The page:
When contemplating our food habits, many problems arise. I’m certain that in about 30 years our daily meals will look a whole lot different, all due to our current depletion of resources. Today I want to talk about one problem in particular: the mass consumption of tuna.
Over the years I’ve talked with lots of people about the fact that I don’t eat tuna anymore. The one thing that all those people had in common, was that they didn’t know how huge the tuna issue really is. And why should they? You can order and buy tuna almost everywhere in Belgium (and the rest of the world for that matter). Tuna steak, canned tuna, tuna salad, raw tuna slices,.. You name it and you can buy it, without any difficulty or warning.
The reason I’m writing this post is that I want to inform as much people as possible about the tuna issue. A couple of weeks ago, I decided to lobby for a tuna-free menu at Alcon, the large pharmaceutical company I’m currently working for. Wish me luck!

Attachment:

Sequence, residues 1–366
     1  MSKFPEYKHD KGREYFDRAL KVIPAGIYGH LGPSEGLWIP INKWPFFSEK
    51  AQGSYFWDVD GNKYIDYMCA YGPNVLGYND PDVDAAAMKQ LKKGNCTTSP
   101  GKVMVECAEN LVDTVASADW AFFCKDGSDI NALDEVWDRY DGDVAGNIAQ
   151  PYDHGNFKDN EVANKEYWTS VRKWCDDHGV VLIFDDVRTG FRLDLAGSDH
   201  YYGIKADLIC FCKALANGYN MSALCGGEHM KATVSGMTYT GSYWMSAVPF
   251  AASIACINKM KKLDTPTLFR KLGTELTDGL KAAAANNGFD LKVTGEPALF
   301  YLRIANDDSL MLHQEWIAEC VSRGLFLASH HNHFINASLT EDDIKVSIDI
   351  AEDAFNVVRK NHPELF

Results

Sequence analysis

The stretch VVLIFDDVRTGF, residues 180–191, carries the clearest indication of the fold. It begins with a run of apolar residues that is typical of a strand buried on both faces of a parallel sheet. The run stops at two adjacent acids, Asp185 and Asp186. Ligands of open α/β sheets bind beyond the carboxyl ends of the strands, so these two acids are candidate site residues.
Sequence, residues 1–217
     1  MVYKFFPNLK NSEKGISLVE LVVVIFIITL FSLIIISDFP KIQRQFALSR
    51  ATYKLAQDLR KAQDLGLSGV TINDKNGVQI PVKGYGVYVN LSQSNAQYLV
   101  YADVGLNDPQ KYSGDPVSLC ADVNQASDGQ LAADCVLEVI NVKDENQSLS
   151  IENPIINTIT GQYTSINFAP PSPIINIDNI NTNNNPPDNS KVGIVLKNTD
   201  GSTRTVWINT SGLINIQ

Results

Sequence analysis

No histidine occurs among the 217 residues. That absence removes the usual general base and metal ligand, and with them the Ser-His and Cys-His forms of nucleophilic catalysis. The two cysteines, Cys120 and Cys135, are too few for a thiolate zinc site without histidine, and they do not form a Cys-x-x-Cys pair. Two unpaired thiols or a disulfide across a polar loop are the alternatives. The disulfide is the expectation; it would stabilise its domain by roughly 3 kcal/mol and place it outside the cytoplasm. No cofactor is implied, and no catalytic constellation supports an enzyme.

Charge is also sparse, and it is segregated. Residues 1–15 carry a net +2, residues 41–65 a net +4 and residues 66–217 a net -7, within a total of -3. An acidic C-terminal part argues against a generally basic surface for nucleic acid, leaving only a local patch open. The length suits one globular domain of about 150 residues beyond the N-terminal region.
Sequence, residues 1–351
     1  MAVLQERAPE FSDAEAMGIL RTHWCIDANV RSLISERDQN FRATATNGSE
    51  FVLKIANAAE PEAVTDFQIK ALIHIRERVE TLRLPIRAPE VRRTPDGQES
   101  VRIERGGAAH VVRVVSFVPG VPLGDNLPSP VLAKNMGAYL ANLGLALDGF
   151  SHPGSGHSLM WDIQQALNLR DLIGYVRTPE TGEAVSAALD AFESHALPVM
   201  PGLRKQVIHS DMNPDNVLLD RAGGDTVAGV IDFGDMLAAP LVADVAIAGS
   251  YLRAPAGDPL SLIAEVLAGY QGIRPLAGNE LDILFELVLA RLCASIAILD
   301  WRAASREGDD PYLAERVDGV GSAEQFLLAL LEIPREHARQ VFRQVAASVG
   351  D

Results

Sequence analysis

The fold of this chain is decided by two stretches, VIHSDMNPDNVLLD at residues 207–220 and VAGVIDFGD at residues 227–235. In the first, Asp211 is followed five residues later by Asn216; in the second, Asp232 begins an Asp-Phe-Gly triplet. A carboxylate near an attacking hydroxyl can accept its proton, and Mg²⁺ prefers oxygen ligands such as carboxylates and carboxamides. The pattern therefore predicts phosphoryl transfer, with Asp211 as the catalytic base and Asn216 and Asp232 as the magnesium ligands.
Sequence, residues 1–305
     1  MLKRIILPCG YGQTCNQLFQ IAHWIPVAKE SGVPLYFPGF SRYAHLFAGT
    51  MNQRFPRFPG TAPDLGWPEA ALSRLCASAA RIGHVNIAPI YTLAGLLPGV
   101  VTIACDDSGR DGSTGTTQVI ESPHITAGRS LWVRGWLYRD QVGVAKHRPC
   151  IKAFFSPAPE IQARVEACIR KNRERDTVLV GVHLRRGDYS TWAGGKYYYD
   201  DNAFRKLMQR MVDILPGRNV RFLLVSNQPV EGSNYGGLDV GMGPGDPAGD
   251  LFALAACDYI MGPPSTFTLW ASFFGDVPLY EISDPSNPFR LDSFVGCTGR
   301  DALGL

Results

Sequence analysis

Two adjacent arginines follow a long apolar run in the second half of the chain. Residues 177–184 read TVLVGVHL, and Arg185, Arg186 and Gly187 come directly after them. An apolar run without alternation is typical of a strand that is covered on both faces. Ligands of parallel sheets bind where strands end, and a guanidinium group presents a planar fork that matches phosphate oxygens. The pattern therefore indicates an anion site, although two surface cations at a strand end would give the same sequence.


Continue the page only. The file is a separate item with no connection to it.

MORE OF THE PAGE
5 facts to keep in mind.
- There exist 7 commercial tuna species, 5 of which are already listed as endangered by the IUCN.
- About 20-25 kg of wild fish is needed to grow 1 kg of tuna in captivity, so cultivated tuna isn’t a desirable option either.
- Because of the devastating fishing techniques used to capture tuna, many other (endangered) species pay the price as well: for every 2 kg of tuna in stores, 3 kg of sea turtle, dolphin or seabird has died.
- As top predators, tuna species play a huge role in marine ecosystems all around the world. Without tuna, these ecosystems will collapse and opportunistic species like jellyfish will overpopulate our waters.
- The body tissue of tuna is packed with plastics, methylmercury and other heavy metals. Unhealthy crap that is directly transferred to our bodies after eating fish and that accumulates over time.
I hope that with this post I made some of you rethink their tuna consumption. Very cliché, but together we can make a change! Thanks for reading.